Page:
• Serious illnesses, infections, or injuries (e.g., burns, sepsis)
  • High fevers
  • Having too much thyroid hormone (hyperthyroidism)
  • Not eating many (or any) carbohydrates

Urine Ketone Tests for Keto Diet and Ketosis

People who are on a low-carb or no-carb diet—specifically, a ketogenic or "keto" diet—sometimes test their urine for ketones at home to see if their body has started using fat for energy (a state called ketosis).

Using a home urine ketone test to check for ketosis is the same as using it to check your urine for ketones if you have diabetes.

The main difference is that once you've been doing a keto diet for a while, your body will adjust. If you test your urine often, you'll probably notice only "trace" amounts of ketones. That doesn't mean you're not in ketosis, it just means your body has adapted to the changes you've made in your diet.

How to Choose Ketone Test Strips

There are many brands of urine ketone test strips available over the counter (OTC) at drugstores, supermarket pharmacies, and other stores where medical supplies are sold. Ketostix is a common brand. Ketone urine test strips are also available by prescription.

The best way to select urine ketone test strips is to ask your provider for recommendations or a prescription. The U.S. Food and Drug Administration (FDA) issued a warning in 2019 not to purchase or use pre-owned test strips sold at a discount on online marketplaces like Amazon, eBay, or Craigslist.

The FDA also warns against buying or using ketone test strips that aren't authorized to be sold in the United States (one clue: the instructions are in a language other than English).

According to the FDA, substandard urine ketone test strips could provide inaccurate results: "If a user receives an inaccurate result from a test strip and uses this result as a basis for their treatment, they could take too much medication or not enough medication potentially leading to serious patient injury, including death."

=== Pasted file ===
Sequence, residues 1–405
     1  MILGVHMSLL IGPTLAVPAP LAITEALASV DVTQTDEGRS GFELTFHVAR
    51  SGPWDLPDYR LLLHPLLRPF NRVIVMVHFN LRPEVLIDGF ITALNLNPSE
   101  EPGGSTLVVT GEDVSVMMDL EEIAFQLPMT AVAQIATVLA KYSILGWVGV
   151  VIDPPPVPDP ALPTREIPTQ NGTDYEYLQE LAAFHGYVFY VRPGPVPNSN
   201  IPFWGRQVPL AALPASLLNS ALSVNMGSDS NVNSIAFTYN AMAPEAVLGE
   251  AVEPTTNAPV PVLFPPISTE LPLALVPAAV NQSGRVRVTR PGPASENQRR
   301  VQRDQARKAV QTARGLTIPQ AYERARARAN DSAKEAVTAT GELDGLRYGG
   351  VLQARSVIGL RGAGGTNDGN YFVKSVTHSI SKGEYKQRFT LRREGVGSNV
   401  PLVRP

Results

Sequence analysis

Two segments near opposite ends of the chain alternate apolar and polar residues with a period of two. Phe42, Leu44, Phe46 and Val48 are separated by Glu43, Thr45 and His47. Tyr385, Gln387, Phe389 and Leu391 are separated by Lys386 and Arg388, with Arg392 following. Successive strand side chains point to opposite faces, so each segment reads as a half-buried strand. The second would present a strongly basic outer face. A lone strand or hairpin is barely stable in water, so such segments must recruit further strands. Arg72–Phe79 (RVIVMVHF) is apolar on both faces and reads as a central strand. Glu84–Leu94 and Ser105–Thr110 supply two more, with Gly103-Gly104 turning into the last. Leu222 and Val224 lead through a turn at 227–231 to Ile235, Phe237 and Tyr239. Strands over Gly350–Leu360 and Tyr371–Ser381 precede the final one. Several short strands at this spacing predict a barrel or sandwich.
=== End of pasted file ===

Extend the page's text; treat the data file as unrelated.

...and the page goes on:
How to Use Ketone Testing Strips

Whatever brand of ketone test strips you buy, it's important to read the product insert in detail to see if the directions for use vary from the generic ones below. If they do, follow those exact instructions for doing the urine ketone test instead.

ketone testing strips
Verywell Health / JR Bee

Saturating the Test Strip

To do a urine ketone test, you need to get your urine onto the test strip.

There are two ways to saturate a ketone test strip with urine. One is to simply hold the test strip in the stream of your urine until it's saturated.

The other is to collect a "clean-catch" sample. To do this, wash your hands and clean your genital area: If you're a man, wipe the tip of your penis with a disposable cleaning cloth. If you're a woman, open your labia and use the cloth to clean from front to back.

As you urinate into the toilet, hold the collection cup in the urine stream until you've got an ounce or two. The cup likely will have markings to indicate the amount. After you've finished peeing and have washed your hands, dip a test strip into the cup to saturate it thoroughly.

Interpreting the Results

If the ketone test strip takes on any color other than the original beige, it's an indication that there are some ketones in your urine. Compare the color of the test strip to the color chart that comes with the test kit; this will give you a range of how many ketones are in your urine.

When you look at the results of the urine ketone test, if it appears that you have small or trace amounts of ketones in your blood, it may indicate the beginning of ketone buildup. In that case, the ADA recommends testing your urine for ketones again in a few hours.